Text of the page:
Fish emulsion is used in organic blueberry production. I am not aware of using hydrolyzed protein, Auxigro, or others. I think the cost along will prohibit the use of 1, 3, and 4 you mentioned as N source for blueberry production. Other good organic N sources are blood meal and feather meal, which are more expensive than fish emulsion.
From our vendor:
organic farmers indeed use the fish emulsion as a nitrogen source for organic blueberries, but not hydrolyzed protein or auxigro.
Carlos also spoke with some strawberry growers who indicated to him they also use the fish emulsion at times as a nitrogen source for their strawberry plants.
Just wanted to share some information regarding the L_Glutamic Acid. In the past farming industries used this product to enhance the flowering process of the fruit bearing plants.
Toxicologist believe that the free L-Glutamic Acid is responsible for brain and neurological disorders. It is my understanding free L-gutamic acid products have been banned in the USA.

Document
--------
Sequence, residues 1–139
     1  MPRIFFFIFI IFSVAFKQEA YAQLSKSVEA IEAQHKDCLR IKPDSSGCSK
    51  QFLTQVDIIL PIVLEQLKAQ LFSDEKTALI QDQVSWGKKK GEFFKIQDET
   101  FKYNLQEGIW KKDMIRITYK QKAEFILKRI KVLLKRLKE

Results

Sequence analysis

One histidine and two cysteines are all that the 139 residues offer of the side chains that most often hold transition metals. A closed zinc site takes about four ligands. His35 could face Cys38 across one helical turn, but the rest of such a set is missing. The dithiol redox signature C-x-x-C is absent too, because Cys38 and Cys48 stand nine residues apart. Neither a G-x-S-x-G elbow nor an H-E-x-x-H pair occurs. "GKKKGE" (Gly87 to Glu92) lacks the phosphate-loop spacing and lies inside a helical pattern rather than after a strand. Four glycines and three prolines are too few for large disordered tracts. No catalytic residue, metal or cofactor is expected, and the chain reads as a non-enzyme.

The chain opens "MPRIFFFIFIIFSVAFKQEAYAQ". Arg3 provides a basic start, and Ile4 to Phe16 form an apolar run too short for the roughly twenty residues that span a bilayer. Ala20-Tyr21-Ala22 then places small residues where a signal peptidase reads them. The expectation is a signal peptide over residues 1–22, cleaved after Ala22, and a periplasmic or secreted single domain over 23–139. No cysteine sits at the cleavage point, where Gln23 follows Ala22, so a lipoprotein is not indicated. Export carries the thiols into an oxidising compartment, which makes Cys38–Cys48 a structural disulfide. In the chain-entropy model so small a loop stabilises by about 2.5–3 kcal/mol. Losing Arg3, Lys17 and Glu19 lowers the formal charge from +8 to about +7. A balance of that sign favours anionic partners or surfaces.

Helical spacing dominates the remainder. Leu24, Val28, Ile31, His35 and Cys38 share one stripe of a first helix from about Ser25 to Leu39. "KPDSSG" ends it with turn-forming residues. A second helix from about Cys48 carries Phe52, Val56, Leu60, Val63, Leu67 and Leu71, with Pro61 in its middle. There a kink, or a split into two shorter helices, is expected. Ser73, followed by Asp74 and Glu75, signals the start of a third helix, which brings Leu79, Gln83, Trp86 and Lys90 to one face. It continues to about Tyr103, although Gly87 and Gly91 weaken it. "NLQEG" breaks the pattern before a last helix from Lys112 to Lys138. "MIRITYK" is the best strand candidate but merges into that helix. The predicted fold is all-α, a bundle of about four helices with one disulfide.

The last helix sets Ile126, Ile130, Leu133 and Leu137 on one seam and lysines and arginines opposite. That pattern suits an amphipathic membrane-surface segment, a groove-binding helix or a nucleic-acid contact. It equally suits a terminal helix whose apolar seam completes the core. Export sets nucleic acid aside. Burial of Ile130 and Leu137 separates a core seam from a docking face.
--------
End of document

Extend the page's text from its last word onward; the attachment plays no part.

Most of you know the term MSG and it also contains some free L-Glutamic acid which has not been banned in foods.
So in short (in red):
1. Hydrolyzed Protein- NO strawberries, blueberries; UNKNOWN yet broccoli
2. Fish emulsion- YES strawberries, blueberries; UNKNOWN yet broccoli
3. Auxigro- NO strawberries, blueberries; UNKNOWN yet broccoli
4. or anything containing free glutamic acid- NO strawberries, blueberries; UNKNOWN yet broccoli
|Posted on Saturday, December 19, 2009 - 9:58 am: || |
Thanks for obtaining that information!
|Posted on Saturday, May 01, 2010 - 11:01 pm: || |
so, auxigro is not being marketed in the u.s. anymore?
... but... then my next question would be, what has Monsanto replaced it with?